Fed Cuts Target Interest Rate For First Time Since 2008
For the first time since the last economic recession and housing bubble burst, over a decade ago, the Federal Reserve has cut the target interest rate in a move to stimulate the economy. The Fed lowered the rate by a quarter point, down to a range of 2%-2.25%. The move is designed to decrease the cost of borrowing, including the cost of mortgages, in an attempt to extend the current period of economic expansion.
President Trump has criticized the Fed throughout his presidency and has called for a cut to the interest rate, whereas the Federal Reserve has increased the target interest rate eight times since President Trump took office in 2017. As of late 2018, the Fed was expected to continue to increase the target interest rate at least twice in 2019. Federal Reserve Chairman Jerome Powell, who has faced criticism from President Trump, has insisted that he and his colleagues do not take politics into account in deciding on rate policy, nor do they make policy decisions to demonstrate their independence. According to an article on Reuters, however, the decision to cut the target interest rate is at least in part based on policy decisions made by the Trump administration. Powell has also stated that the rate cut is part of a short-term strategy, rather than a long-term strategy to continue cutting the target interest rate.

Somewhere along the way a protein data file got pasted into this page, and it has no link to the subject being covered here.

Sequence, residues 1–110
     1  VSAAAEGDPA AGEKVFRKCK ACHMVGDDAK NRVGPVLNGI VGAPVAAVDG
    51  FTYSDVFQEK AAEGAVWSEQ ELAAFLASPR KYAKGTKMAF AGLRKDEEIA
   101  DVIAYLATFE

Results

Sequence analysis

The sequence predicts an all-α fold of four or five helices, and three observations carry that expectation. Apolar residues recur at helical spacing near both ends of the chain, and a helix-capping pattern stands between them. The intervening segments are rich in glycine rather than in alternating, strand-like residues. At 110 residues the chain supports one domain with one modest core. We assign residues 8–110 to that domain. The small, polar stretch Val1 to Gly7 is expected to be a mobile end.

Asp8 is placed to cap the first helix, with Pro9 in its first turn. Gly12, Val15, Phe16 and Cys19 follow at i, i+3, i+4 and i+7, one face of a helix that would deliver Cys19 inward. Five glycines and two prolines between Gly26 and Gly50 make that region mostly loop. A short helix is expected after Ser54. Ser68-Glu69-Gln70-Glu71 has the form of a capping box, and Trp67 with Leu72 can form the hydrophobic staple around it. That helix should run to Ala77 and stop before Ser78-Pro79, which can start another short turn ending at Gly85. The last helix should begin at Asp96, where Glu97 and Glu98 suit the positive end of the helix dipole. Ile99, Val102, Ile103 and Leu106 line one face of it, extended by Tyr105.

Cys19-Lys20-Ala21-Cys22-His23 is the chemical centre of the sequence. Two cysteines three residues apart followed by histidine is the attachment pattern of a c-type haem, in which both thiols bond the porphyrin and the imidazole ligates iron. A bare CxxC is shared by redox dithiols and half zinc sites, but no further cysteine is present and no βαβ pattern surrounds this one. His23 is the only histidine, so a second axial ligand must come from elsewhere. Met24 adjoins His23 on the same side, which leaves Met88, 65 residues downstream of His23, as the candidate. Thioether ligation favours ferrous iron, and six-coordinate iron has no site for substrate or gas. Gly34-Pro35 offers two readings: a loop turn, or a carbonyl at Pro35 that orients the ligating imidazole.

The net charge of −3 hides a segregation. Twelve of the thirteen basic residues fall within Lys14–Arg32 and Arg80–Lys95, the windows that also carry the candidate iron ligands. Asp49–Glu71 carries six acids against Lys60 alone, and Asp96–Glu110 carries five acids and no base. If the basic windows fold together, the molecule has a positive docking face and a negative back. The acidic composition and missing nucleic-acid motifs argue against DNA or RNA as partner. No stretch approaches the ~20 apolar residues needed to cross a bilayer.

Coming off the back of the Fed’s decision and announcement, the Dow Jones Industrial Average and S&P 500 both closed down more than 1% on the day. Whether and how the Fed’s decision will impact the housing market remains to be seen, although one can expect that low interest rates will result in decreased cost of ownership and continuing increases to prices.
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